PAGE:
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Inspections 101 If you bred, purchased or would like to purchase a sport horse foal, you may be wondering if you should

bring your youngster to a breed inspecion. By Gigha Steinman

I nspections, some- times called keurings,

are one of the things which make the Warmblood and sport horse breeds unique from nearly all other

breeds. What is the significance of an inspection? How do you go about having a horse inspected? Is there an age limit? Is it mandatory to have your young horse inspected? These all are questions a new breeder or foal owner may be asking when deciding whether or not to attend their first inspection. While most registries conduct inspections across North

America every year, each registry has their own unique inspection rules and requirements. So the first thing any breeder or foal owner should do is become familiar with a specific registry’s rules regarding inspections. With some registries, such as OHBS (Oldenburg Horse Breeders’ Society), ISR/Old-NA (Oldenburg Registry of North American and International Sporthorse Registry) and the AWR (American Warmblood Registry), inspections are mandatory. With other registries, inspections are only mandatory for breeding stock. And yet for others, inspections are entirely optional. Some registries have age limits for horses to be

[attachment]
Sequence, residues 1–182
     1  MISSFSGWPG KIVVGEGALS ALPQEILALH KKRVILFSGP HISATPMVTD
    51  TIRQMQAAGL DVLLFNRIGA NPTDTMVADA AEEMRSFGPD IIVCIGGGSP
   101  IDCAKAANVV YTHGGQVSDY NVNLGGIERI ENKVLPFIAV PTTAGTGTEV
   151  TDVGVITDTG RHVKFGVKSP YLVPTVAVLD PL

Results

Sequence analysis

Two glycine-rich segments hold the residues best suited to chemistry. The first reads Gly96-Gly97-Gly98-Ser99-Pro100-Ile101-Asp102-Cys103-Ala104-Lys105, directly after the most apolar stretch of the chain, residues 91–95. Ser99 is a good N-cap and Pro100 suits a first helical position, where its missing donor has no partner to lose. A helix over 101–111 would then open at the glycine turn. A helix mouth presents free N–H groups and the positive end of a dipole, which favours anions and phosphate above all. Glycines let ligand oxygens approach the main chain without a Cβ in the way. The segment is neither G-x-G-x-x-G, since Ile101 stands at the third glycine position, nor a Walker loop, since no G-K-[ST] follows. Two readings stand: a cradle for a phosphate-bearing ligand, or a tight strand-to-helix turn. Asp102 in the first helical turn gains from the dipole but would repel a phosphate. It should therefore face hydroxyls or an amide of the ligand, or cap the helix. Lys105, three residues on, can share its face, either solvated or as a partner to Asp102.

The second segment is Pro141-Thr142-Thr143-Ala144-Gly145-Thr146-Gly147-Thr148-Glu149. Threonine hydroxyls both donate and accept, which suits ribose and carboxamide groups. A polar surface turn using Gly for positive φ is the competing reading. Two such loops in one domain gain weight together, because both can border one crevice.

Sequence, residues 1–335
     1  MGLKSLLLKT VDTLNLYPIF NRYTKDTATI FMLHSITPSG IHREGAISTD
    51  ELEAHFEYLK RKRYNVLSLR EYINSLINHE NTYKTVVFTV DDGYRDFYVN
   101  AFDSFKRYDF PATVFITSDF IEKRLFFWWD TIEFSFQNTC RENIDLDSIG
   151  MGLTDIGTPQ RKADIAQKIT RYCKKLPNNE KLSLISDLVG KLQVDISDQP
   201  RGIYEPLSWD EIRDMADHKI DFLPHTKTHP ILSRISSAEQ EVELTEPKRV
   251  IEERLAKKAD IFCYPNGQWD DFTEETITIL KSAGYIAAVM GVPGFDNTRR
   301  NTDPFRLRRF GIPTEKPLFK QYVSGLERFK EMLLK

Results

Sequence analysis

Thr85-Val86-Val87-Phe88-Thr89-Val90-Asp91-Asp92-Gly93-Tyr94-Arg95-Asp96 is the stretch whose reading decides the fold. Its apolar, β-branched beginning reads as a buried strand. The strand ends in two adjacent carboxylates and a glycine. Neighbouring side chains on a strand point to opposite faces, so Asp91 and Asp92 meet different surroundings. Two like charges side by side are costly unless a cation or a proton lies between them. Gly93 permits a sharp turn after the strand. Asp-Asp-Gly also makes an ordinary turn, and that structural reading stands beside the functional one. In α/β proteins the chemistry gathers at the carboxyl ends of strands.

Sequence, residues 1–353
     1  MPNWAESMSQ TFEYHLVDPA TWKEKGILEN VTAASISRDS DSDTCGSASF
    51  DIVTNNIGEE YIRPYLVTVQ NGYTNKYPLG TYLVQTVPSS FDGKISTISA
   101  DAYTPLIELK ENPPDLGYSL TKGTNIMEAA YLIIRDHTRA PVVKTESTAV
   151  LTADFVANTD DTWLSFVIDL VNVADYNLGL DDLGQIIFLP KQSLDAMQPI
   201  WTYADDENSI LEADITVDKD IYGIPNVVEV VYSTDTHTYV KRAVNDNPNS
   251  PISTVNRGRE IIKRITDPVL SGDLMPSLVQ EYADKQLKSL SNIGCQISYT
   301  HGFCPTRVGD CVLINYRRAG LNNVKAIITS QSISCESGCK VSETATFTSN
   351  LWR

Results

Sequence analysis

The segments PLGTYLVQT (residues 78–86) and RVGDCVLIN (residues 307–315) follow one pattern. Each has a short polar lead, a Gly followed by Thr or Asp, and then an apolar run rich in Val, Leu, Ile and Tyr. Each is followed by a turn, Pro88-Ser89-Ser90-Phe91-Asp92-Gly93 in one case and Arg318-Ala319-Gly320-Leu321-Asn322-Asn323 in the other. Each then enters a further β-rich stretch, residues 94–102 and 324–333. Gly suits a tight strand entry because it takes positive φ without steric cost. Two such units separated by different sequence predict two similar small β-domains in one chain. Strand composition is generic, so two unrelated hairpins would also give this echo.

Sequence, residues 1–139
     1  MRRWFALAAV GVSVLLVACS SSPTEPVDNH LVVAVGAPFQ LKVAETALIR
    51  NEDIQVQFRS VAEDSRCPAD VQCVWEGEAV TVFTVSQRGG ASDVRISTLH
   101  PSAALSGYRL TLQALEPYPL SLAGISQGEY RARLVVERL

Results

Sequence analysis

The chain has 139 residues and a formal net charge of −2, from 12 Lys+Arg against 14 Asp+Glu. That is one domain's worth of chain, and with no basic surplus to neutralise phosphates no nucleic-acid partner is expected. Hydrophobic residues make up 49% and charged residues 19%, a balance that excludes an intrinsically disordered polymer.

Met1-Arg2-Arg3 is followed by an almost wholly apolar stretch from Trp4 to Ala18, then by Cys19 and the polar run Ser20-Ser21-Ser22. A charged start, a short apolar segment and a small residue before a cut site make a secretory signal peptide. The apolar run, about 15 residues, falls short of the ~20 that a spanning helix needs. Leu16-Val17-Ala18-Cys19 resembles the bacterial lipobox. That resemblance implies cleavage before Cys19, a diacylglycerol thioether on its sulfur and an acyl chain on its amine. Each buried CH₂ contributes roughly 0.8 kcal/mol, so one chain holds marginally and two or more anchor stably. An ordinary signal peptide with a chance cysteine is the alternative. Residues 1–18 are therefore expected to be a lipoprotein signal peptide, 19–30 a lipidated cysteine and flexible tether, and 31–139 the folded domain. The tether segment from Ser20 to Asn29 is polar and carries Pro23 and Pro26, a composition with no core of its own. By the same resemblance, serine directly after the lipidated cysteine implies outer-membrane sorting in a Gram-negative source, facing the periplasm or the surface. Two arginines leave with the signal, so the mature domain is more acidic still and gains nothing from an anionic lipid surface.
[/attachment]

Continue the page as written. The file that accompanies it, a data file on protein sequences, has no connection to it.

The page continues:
inspected. Many registries prefer to have foals presented

for inspection the same year they are born, while others have no age limits or age preferences for inspection.

W Inspecion Benefits ✔

hether you have a foal or not, the inspection itself can be fun and a great learning experience. Hanoverian breeder Mary Lou Winn of Home Again Farm (FL) hosted her first American Hanoverian Society inspection in 1998 and will be hosting her tenth one later this year. While she appreciates that inspections are not mandatory for AHS registration, she says she nonetheless finds inspections very useful because of the feedback breeders receive. “It’s good to get a second opinion from a new set of eyes, and it is nice to see other breeders’ babies,” she remarks. The AHS does not score foals, but the judges will discuss the foals using a microphone, and Mary Lou adds that breeders and spectators can learn a lot from the comments on balance, conformation, movement and type. Dana Shah-Bishop’s opinions on inspections echo

Mary Lou’s. Dana hosts American Warmblood Society (AWS) inspections at her farm Blues City Warmbloods (TN) and was the 2009 AWS Inspection Organizer of the Year. She says she really enjoys hosting inspections. “You can meet new people, or you can see some of the same breeders come back with their new babies. It’s fun to see what everyone is breeding,” says Dana. She adds that the AWS inspections are fun and low key but still educational and seem to attract a lot of auditors. Like the AHS, the AWS inspectors also discuss the horses using a microphone, making it easier for auditors to take advantage of

Top of page: Holsteiner filly by Cristo out of the Premium mare U-Katrina. Bred and owned by Branscomb Farms. Photo courtesy Kc Branscomb At left: Hilltop Farm hosts an Oldenburg (GOV) inspection. Handler Michael Bragdell shows Hilltop’s 2007 colt by Royal Prince presented next to his dam SPS Komtess V (Riverman-Carolus). Photo by Bill Alphin

50 September/October 2011

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